The idea that Anglicanism only dates back to a certain King Henry’s anullment is rubbish. His politically motivated break with Rome only returned the Church of England to it’s original state...hundreds of years before Rome’s domination.
“There is direct evidence (written and archaeological) for the Church being in England...for as long as it has been in Rome, that is into the 1st Century.”
Absolutely, the Catholic church. There was Rome in Britain, which is where the faith came from. The Emperor in Rome, Constantine, came from that part of the Empire, as did his father, Constantius. That was his initial power base.
There is evidence of the Church in Brittannia, but that church didn’t get reconstituted until St. Augustine returned to England in the early 6th century. I don’t believe any of the churches or sanctuaries have been preserved from that time.
“The Church in England though, only formally submitted to the Bishop of Rome in the 7th Century”
They never left. They were Catholic before, and Catholic after. They were only separated, not by creed, but by distance and the lack of communications with the fall of the Roman Empire.
“meaning, that in the British Isles, Anglican Christianity is OLDER than Roman Catholicism.”
Pure nonsense. There was no difference between the Church in Rome, and the Church in England at the time. Their only conflict was over the date of the Easter celebrations. That was all.
There was nothing ‘Anglican’ about the church. Heck, the Church predates the appearance of the Saxons in England.
The church that came from St. Augustine, and the Venerable Bede, Iona, etc, was the Catholic church which eventually converted the Saxons as they did the Norse. Look at the arms of the Confessor, who was very much so Catholic.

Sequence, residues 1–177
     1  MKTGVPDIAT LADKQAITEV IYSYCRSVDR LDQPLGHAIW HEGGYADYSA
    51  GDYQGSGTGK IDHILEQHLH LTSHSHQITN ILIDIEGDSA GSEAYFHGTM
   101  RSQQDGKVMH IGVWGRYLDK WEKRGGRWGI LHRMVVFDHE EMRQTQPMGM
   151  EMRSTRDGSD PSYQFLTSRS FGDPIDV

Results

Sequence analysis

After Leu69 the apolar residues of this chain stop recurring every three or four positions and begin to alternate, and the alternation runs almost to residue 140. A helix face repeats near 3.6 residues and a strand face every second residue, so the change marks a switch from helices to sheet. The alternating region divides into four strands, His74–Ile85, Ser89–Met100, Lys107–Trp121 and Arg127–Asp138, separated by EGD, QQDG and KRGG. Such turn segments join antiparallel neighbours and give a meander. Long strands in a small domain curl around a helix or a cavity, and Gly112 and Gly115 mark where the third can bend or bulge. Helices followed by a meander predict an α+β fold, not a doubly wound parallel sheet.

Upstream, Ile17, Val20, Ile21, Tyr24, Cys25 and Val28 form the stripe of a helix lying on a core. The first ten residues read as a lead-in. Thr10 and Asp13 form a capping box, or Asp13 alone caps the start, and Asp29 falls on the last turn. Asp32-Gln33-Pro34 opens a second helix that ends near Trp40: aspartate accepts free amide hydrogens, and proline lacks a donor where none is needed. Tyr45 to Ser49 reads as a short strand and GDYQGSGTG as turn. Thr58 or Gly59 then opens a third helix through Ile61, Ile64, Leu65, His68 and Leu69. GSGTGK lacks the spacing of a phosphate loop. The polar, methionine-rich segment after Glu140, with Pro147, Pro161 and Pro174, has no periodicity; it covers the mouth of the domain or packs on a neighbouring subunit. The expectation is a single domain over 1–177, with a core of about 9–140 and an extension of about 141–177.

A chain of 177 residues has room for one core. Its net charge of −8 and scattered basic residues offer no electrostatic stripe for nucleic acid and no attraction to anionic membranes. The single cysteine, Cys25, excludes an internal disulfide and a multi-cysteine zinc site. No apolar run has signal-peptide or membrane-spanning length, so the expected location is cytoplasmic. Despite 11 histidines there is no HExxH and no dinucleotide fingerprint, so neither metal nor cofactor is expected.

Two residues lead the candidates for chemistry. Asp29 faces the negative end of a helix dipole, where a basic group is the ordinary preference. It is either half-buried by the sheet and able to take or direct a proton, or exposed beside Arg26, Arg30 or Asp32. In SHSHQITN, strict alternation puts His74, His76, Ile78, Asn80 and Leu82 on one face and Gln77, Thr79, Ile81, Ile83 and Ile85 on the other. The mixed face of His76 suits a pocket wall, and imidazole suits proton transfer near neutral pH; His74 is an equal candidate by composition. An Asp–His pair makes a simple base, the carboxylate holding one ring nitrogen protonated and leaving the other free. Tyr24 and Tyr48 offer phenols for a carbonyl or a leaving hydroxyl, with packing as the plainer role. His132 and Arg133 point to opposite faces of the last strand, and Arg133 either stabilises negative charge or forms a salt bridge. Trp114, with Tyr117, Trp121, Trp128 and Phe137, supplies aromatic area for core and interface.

“Anglicanism is the original Church of the British Isles.”
Uh, I’ve got bad news for you. No, that’s not true at all. Sorry. :)
“The idea that Anglicanism only dates back to a certain King Henrys anullment is rubbish.”
It’s 100 percent true. King Henry considered himself to be a devout Catholic, which is why he was marrying Catherine of Aragon, a devout Catholic, which is why he was seeking an annulment from the POPE.
But no. The pope said no, so he decided to create his own church where he would be the HEAD of the church. Compare this to the discussion of Edward III, or of the confessor, etc.
The Anglican church as we know it was the spawn of King Henry and his desire for a divorce. Nothing more, nothing less.
“His politically motivated break with Rome only returned the Church of England to its original state...hundreds of years before Romes domination.”
Uh, I hate to break it to you, but the Romans were in Briton before the Saxons and the ‘Anglicans’. The Romans brought the Church to England. At least three times.
As someone whose PECUS (Episcopal) has left behind in its ever moving target progressive lurch, I am happy to hear of this good news. May God Bless its growth.